The UN image on the world stage as the organization of choice to resolve global conflicts has taken a considerable beating of late over the tragedy of Syria. Its dominance, in proportion to its failures and successes, is finally catching-up with its conceptual ideology against realistic results.

Countries waging wars are judged by a quantifiable number of body counts their wars produce. But how do you judge an intentional lack of action to stop wars when it produces as much collateral damage as wars do? The war in Iraq produced over 100,000 casualties but the world’s lack of action in Darfur produced 300,000 casualties. Whether it was intentional or not, the UN system of governance indirectly responsible for the casualties in Syria must change.

There is no trigger system, within the UN, to induce action no matter what crimes against humanity one country levels against another or against its own people. The veto power is supreme and transcends human life.

Because no country today can hide the truth from the eyes and ears of the global community, the UN must find a way by which a veto becomes meaningless when unarmed civilians are being targeted by violent men and the body count becomes a tragedy our conscious can no longer accept. The actions of Russia and China of late with regard to Syria undeniably require us to act to fix the UN broken system.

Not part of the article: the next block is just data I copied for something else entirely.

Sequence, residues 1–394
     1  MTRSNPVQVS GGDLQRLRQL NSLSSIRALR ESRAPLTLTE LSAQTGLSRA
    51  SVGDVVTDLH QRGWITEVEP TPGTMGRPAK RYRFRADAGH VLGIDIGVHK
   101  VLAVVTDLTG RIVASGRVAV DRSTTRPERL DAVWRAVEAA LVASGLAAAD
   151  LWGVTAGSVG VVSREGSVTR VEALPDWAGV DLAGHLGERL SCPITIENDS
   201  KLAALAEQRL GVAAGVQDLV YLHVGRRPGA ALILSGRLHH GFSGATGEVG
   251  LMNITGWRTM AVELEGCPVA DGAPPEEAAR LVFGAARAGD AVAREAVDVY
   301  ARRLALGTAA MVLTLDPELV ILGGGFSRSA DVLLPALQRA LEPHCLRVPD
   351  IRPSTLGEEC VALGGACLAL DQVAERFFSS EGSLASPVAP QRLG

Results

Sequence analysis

Such ideas may not be acceptable to countries whose defensive postures force it to deal with existential scenarios; especially if that country is surrounded neighbors who value life so cheaply. However, the trigger mechanisms can be narrow and clear enough to skirt abuse.

If the UN is to sustain its dominant role over resolving conflicts, it has to reform itself to take into account the implacability of the veto power in the face of crimes against humanity. When a country turns its own heavy artillery against its own people and the UN is paralyzed to act because of its own governance rules, then it becomes incumbent upon its members to seek the necessary changes.

If the UN does not act, the concept of the “Friends of Syria” the US State Department is pursuing today will become a standard by which nations under a pressure to act can avoid the UN to force an outcome more in line with what we expect from the UN.

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